“I have a problem with the uninformed decisions,” Bilas said questioning the current process. “That’s why I have a problem with the way the NCAA handles the process. The NCAA should welcome these kids being able to interact with the professional teams to make an informed decision and allowed to work out for them and to have their workouts paid for them.
“For example, we don’t talk to regular students at a school and tell them if a fortune 500 company wants to fly you to their headquarters to interview them to give them a job that they’re not allowed to pay for that. It’s silly. It’s a professional endeavor and if they decide to come back that’s great, but if they decide to leave we shouldn’t be standing in their way from getting quality information. I don’t understand what we’re so worried about. It’s ridiculous. These kids all know pros, they’re already around agents, they shouldn’t be allowed to have agents but they should be able to gather as much information as they want to make an informed decision on their future.”
Looking for the full early entrant list for this year’s draft? You can find it here.
Does Patrick Ewing Deserve Head Coaching Opportunity?
In a perfect world if an 11-time All-Star, Hall of Fame legend who amassed a shade under 25,000 career points wanted to throw his name into the head coaching mix in a profession he once dominated you would think franchises would be lining up to hear the pitch.
But former New York Knicks legend Patrick Ewing has yet to generate much interest throughout the league despite paying his dues and logging eight seasons as an assistant coach in order to boost his resume.
The perennial snub is starting to wear on Ewing.
“It’s just disappointing, but I’m just hoping and waiting somebody gives me a look,” Ewing told Chris Haynes of Comcast Sports Net. “I just need an opportunity. All it takes is one team.”
Ewing is hoping his path takes a similar trajectory like Chicago Bulls head coach Tom Thibodeau who also had to wait in line until the phone eventually rang.
“Look at Tom Thibodeau, he’s a great coach who coached me in New York and I spent time with him when we were assistants in Houston, “Ewing said. “It took him a long time before somebody finally gave him a chance. When he got it, he took full advantage of it. I’m hoping somebody in the NBA gives me a chance so I can show what I am capable of doing.”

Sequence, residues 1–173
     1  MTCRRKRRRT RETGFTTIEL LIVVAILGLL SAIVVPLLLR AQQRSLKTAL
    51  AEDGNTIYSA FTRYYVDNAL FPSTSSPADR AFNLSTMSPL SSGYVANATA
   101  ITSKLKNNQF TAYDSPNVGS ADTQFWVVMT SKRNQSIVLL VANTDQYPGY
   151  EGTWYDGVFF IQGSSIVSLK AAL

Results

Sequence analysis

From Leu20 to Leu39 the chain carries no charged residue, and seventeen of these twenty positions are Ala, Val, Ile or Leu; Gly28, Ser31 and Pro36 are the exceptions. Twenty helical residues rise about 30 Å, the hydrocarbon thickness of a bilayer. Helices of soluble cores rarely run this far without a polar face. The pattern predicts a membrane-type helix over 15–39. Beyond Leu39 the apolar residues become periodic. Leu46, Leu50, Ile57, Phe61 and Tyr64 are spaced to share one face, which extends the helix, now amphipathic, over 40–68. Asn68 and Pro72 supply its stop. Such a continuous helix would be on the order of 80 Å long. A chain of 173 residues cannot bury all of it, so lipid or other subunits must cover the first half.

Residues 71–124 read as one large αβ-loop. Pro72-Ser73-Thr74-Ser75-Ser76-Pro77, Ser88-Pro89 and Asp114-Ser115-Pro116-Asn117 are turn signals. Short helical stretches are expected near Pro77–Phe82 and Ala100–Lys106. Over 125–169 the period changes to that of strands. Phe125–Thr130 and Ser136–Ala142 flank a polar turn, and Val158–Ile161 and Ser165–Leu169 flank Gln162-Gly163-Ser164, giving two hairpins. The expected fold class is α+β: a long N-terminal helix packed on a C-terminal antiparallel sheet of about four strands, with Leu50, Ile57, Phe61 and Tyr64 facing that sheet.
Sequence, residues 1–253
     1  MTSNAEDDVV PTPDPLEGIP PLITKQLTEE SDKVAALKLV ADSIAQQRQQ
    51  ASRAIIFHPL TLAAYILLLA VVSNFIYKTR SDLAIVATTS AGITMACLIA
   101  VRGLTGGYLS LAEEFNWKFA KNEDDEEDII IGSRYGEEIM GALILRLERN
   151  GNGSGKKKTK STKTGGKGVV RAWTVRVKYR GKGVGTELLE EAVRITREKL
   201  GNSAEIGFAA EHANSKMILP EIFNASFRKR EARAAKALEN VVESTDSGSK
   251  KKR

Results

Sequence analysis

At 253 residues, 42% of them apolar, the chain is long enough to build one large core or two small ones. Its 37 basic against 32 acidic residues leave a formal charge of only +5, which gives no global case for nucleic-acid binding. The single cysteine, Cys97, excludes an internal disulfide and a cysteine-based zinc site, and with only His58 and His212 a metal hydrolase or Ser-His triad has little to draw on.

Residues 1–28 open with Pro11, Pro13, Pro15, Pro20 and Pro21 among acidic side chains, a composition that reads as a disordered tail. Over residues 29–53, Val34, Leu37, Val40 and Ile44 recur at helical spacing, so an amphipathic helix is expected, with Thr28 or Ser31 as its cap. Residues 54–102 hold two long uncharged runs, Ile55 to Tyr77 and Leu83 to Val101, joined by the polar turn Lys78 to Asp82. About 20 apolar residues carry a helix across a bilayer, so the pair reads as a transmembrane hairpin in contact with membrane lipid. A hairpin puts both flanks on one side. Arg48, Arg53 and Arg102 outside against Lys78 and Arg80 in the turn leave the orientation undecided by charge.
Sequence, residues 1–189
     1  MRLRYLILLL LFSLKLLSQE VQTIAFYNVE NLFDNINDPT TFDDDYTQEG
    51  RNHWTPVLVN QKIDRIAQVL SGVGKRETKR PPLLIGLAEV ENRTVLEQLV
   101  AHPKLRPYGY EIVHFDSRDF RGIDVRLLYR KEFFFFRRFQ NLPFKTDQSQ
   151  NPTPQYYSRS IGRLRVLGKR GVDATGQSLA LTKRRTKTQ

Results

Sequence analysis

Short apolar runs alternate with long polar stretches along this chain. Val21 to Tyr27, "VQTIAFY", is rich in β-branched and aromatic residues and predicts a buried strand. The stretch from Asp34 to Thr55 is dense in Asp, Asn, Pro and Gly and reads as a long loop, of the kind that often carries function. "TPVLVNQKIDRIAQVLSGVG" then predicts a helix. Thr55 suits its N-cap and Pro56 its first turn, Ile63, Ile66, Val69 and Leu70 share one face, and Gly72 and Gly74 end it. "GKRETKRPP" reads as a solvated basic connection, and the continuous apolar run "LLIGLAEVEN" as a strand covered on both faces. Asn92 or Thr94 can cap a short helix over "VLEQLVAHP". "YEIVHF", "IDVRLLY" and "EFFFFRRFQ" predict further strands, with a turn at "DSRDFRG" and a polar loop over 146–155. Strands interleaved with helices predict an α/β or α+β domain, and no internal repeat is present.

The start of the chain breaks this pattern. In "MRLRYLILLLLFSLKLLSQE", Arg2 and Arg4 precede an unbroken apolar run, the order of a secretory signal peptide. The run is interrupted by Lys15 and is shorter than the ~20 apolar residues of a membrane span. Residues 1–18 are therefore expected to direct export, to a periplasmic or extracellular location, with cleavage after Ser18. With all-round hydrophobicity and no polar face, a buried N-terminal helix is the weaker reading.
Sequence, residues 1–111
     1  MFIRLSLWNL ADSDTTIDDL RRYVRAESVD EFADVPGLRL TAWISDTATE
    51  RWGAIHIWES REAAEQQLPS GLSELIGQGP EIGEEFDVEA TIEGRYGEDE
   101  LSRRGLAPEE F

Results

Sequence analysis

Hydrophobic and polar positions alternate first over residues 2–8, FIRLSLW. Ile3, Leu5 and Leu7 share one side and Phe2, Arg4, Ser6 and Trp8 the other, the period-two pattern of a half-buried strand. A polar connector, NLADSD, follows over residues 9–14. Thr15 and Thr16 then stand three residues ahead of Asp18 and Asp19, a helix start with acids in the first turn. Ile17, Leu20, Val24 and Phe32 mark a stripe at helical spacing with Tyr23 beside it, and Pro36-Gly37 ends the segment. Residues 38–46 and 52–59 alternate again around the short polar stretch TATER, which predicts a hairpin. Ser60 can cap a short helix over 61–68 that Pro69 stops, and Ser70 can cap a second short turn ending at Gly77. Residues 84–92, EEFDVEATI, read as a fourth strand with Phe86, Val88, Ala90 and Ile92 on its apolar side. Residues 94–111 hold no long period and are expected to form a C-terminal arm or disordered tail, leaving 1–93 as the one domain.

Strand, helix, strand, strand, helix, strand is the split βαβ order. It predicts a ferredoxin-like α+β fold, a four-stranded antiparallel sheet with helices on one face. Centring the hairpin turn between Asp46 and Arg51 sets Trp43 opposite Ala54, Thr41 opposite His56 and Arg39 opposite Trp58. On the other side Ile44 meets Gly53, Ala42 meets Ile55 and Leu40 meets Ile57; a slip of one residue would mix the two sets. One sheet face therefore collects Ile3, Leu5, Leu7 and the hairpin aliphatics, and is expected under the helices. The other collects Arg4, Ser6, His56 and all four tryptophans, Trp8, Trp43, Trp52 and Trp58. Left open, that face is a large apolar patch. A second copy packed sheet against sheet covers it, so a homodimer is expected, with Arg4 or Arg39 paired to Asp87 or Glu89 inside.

The head coaching free agent list this summer will be a tough one for Ewing to crack. There are numerous candidates in the field who possess stronger resumes and previous head coaching experience.
Candidates on the market with previous head coaching experience include Nate McMillan, Stan Van Gundy and Alvin Gentry. Hot assistant coach prospects include Indiana’s Brian Shaw, Golden State’s Mike Malone and San Antonio’s Mike Budenholzer.
Ewing feels he’s been unfairly pigeonholed as just a big man’s coach and not capable of running all aspects of a team.
“I’m not just a big-mans coach, I consider myself to be a well-rounded coach,” Ewing said. “Just because you played a certain position during your playing days, doesn’t mean you don’t have the knowledge and skill-set to help the guards or forwards improve their games.
“It’s unfortunate to be pigeonholed into one category. That’s just what I want to prove to teams, that I feel and know that I’m a all-around good coach.”
Current teams with head coaching vacancies include Philadelphia, Brooklyn, Charlotte, Detroit and Phoenix.
Nuggets’ Masai Ujiri to be named NBA Executive of the Year
The Denver Nuggets’ season might have ended in disappointing fashion as the club experienced its ninth first round playoff exit in the last decade, but the future of the organization is still bright with a roster brimming with talent.
One of the key driving forces for the Nuggets’ promising future, vice president Masai Ujiri, is expected to be named NBA executive of the year on Thursday.
Ujiri was named to his post in August 2010 and he was immediately thrust into the Carmelo Anthony situation. In February 2011, Ujiri traded Anthony to the New York Knicks in a deal which landed key contributors Danilo Gallanari, Wilson Chandler and Kosta Koufos. More importantly, the Nuggets continued winning at a high clip despite shipping a franchise cornerstone in his prime like Anthony.
Ujiri also drafted emerging forward Kenneth Faried and traded for former All-Star Andre Iguodala and took a chance dealing for talented center JaVale McGee.
The Nuggets earned the number three seed in the Western Conference during this season’s playoffs, after recording a franchise record 57 wins, but was eliminated by the upstart Golden State Warriors in the first round.